Proposition F
Choice Votes %
Referendum failed No 164,924 51.45
Yes 155,643 48.55
Valid votes 320,567 88.60
Invalid or blank votes 41,255 11.40
Total votes 361,822 100.00

Proposition G

Proposition G would allow the City to authorize the Health Services Board to establish health plans for City residents.
Proposition G
Choice Votes %
Referendum passed Yes 201,674 66.81
No 100,206 33.19
Valid votes 301,880 83.43
Invalid or blank votes 59,942 16.57
Total votes 361,822 100.00

Proposition H

Proposition H would name the stadium at Candlestick Point as Candlestick Park, effectively forbidding future naming rights contracts for the current stadium.
Proposition H
Choice Votes %
Referendum passed Yes 170,217 54.54
No 141,904 45.46
Valid votes 312,121 86.26
Invalid or blank votes 49,701 13.73
Total votes 361,822 100.00

Proposition I

Proposition I would create an Office of Economic Analysis, which will analyze proposed legislation and report its impact on the economy, and have the City create a long-term Economic Development Plan.
Proposition I
Choice Votes %
Referendum passed Yes 154,022 51.92
No 142,650 48.08
Valid votes 296,672 81.99
Invalid or blank votes 65,150 18.01
Total votes 361,822 100.00

Proposition J

Proposition J would increase the sales tax by ¼%.
Proposition J
Choice Votes %
Referendum failed No 182,477 58.11
Yes 131,529 41.89
Valid votes 314,006 86.78
Invalid or blank votes 47,816 13.22
Total votes 361,822 100.00

Proposition K

Proposition K would create a temporary 0.1% gross receipts tax and clarify the City's payroll expense tax for certain business entities.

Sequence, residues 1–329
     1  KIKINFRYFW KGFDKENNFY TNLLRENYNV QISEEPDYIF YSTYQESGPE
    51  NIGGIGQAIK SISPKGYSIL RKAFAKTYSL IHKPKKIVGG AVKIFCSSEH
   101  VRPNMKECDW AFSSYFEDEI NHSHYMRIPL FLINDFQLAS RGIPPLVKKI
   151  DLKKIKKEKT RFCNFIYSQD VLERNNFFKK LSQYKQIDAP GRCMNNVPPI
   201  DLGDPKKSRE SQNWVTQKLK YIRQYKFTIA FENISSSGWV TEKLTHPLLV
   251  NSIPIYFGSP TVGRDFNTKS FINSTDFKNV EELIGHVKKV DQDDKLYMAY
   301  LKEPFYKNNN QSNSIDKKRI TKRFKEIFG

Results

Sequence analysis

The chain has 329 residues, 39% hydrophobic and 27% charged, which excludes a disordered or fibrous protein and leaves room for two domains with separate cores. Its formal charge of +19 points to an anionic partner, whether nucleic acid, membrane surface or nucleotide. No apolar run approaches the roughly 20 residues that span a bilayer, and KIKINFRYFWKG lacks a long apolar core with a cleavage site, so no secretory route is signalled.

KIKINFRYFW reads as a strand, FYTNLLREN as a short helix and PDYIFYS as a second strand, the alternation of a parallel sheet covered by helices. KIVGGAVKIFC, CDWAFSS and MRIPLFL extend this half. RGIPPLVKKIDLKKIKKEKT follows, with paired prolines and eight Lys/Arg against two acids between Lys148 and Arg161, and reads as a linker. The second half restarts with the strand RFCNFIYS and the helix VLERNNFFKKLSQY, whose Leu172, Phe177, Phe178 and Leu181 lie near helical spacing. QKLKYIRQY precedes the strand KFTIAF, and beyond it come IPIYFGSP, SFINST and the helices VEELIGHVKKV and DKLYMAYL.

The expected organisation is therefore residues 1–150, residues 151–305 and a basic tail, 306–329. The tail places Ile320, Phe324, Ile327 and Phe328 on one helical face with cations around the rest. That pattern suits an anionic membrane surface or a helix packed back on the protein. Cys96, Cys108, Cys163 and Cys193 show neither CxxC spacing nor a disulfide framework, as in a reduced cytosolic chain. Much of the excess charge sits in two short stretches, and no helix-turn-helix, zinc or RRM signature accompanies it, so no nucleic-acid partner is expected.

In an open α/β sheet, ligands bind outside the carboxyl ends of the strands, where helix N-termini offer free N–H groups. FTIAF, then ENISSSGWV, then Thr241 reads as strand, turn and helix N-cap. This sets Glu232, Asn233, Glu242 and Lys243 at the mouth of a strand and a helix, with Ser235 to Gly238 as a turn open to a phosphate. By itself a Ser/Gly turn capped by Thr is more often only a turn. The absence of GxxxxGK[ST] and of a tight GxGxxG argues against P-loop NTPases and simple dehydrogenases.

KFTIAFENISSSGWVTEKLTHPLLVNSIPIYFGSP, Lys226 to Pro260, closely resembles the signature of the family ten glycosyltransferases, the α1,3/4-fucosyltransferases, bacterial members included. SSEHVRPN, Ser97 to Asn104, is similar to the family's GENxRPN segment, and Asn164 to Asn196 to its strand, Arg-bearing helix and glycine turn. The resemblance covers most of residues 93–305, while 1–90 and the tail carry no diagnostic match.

Proposition K
Choice Votes %
Referendum failed No 162,910 54.67
Yes 135,068 45.33
Valid votes 297,978 82.35
Invalid or blank votes 63,844 17.65
Total votes 361,822 100.00

Proposition L

Proposition L would set aside 15% of hotel tax surcharge revenues for the acquisition, preservation, and maintenance of neighborhood and single-screen movie theaters and to promote the local film industry.
Proposition L
Choice Votes %
Referendum failed No 229,487 74.59
Yes 78,157 25.41
Valid votes 307,644 85.03
Invalid or blank votes 54,178 14.97
Total votes 361,822 100.00

Proposition M

Proposition M would prohibit the razing of buildings containing 20 or more habitable units. This measure was struck from the ballot due to a technicality.[1]

Proposition N

Proposition N would make it City policy to urge the federal government to withdraw all troops from Iraq.
Proposition N
Choice Votes %
Referendum passed Yes 195,257 63.33
No 133,053 36.67
Valid votes 328,310 90.74
Invalid or blank votes 33,512 9.26
Total votes 361,822 100.00

Proposition O

Proposition O would make it City policy to use the sales tax funds from Proposition J for low-income residents and the homeless.
Proposition O
Choice Votes %
Referendum passed Yes 181,340 59.65
No 122,644 40.35
Valid votes 303,984 84.01
Invalid or blank votes 57,838 15.98
Total votes 361,822 100.00

References

  1. ^ Herel, Suzanne (September 3, 2004). "Measure to stop demolition off ballot". San Francisco Chronicle. Retrieved December 22, 2009. 

External links

  • San Francisco Department of Elections